“Today we are launching an appeal for $4.4 billion for Afghanistan itself for 2022,” said Mr. Griffiths. “This is the largest ever appeal for a single country for humanitarian assistance and it is three times the amount needed, and actually fundraised in 2021.”
Needs could double
The scale of need is already enormous, both UN officials stressed, warning that if insufficient action is taken now to support the Afghanistan and regional response plans, “next year we’ll be asking for $10 billion”.
Mr. Griffiths added: “This is a stop-gap, an absolutely essential stop-gap measure that we are putting in front of the international community today. Without this being funded, there won’t be a future, we need this to be done, otherwise there will be outflow, there will be suffering.”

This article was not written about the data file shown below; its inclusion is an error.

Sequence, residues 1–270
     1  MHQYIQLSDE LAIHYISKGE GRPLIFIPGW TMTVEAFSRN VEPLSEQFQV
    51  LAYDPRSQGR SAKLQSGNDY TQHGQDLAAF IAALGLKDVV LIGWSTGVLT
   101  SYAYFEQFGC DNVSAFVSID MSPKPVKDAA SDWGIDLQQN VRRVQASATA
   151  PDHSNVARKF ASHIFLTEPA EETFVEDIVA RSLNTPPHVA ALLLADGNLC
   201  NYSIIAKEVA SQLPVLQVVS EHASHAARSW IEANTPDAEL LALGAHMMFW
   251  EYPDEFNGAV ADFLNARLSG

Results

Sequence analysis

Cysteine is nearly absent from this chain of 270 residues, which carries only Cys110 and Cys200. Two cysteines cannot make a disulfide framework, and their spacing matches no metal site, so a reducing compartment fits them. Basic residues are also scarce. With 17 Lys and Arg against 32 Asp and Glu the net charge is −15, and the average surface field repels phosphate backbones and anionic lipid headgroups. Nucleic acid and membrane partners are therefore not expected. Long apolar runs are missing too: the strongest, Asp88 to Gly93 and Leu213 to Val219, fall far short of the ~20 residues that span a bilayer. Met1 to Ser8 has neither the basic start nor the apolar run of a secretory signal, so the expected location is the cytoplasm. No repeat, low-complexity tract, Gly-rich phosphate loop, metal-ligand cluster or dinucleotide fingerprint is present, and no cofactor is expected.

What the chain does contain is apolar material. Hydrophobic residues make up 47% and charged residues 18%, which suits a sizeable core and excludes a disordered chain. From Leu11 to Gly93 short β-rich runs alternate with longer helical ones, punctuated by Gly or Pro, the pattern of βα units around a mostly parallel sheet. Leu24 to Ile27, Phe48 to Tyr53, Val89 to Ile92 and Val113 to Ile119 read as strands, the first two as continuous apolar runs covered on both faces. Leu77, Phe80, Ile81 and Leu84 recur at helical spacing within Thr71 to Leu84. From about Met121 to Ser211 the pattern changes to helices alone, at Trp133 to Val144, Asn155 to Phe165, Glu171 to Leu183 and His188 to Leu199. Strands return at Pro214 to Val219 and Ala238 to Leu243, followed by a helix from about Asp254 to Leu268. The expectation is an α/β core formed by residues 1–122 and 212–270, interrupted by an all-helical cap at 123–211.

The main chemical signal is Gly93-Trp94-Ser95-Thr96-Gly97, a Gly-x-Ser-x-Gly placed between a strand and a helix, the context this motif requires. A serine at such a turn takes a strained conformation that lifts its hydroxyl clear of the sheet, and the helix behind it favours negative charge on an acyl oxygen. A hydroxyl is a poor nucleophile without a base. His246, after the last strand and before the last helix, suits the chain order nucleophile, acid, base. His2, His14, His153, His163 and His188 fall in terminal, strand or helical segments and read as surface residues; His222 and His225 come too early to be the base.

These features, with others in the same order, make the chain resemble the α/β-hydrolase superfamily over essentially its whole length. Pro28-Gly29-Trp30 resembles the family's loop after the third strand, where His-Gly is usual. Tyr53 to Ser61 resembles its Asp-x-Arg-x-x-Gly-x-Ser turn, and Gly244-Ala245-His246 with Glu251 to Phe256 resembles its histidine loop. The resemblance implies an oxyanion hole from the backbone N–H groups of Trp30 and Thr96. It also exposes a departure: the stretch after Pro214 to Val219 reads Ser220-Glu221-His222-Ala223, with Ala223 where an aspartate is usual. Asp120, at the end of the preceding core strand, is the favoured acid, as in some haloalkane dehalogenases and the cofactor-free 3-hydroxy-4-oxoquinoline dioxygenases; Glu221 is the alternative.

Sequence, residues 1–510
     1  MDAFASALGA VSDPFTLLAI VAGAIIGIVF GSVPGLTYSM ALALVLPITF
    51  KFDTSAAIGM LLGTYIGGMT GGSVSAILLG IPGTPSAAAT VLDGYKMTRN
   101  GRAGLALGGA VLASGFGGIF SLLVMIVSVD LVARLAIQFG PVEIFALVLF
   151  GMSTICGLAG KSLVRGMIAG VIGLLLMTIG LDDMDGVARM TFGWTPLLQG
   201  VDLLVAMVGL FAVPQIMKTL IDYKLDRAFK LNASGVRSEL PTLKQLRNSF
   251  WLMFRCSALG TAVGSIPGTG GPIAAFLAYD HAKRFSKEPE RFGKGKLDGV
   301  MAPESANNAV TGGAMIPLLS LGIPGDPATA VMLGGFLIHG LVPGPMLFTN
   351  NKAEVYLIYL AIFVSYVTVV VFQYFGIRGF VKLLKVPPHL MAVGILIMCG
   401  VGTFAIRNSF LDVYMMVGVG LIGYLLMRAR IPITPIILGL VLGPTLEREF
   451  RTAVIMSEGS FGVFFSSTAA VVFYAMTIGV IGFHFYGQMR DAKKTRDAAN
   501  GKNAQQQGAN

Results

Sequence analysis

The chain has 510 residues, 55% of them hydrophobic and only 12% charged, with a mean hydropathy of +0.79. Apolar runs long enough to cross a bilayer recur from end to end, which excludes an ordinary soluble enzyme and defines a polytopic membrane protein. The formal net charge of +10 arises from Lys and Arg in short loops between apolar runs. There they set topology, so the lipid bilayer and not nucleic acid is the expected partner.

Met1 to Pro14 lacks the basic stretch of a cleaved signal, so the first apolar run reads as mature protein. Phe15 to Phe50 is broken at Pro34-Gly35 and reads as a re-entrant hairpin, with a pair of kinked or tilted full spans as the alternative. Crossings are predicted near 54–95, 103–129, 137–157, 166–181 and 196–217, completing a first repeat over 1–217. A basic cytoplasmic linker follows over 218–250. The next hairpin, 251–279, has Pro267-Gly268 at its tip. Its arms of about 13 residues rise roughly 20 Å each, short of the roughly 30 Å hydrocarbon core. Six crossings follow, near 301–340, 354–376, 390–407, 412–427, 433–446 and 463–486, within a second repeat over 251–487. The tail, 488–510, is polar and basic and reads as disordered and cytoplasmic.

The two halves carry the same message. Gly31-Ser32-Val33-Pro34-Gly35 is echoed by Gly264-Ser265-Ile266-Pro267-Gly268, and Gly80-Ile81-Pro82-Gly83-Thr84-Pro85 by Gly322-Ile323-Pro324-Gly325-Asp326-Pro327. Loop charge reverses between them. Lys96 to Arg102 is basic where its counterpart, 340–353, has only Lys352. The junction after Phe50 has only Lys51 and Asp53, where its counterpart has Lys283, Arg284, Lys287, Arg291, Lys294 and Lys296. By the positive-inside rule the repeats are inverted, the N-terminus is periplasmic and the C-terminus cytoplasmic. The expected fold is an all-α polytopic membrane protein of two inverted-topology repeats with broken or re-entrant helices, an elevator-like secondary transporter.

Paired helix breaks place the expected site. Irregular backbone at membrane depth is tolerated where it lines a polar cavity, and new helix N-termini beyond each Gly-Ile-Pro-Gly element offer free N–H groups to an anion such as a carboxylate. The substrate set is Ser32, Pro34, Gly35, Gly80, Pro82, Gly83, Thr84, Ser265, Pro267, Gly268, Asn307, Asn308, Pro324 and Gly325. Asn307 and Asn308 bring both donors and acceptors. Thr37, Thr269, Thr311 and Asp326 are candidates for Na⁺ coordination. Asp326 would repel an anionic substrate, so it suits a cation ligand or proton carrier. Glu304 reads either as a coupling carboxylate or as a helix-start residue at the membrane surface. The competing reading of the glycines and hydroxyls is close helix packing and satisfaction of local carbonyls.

Rejecting questions that the funding would be used to support the Taliban’s grip on de facto government, Mr. Griffiths insisted that it would go directly into the pockets of “nurses and health officials in the field” so that these services can continue, not as support for State structures.
UN aid agencies describe Afghanistan’s plight as one of the world’s most rapidly growing humanitarian crises.
According to UN humanitarian coordination office OCHA, half the population now faces acute hunger, over nine million people have been displaced and millions of children are out of school.
Asked to describe what might happen if sufficient support was not forthcoming, the UN emergency relief chief replied that he was particularly concerned for one million children now facing severe acute malnutrition. “A million children – figures are so hard so grasp when they’re this kind of size – but a million children at risk of that kind of malnutrition if these things don’t happen, is a shocking one.”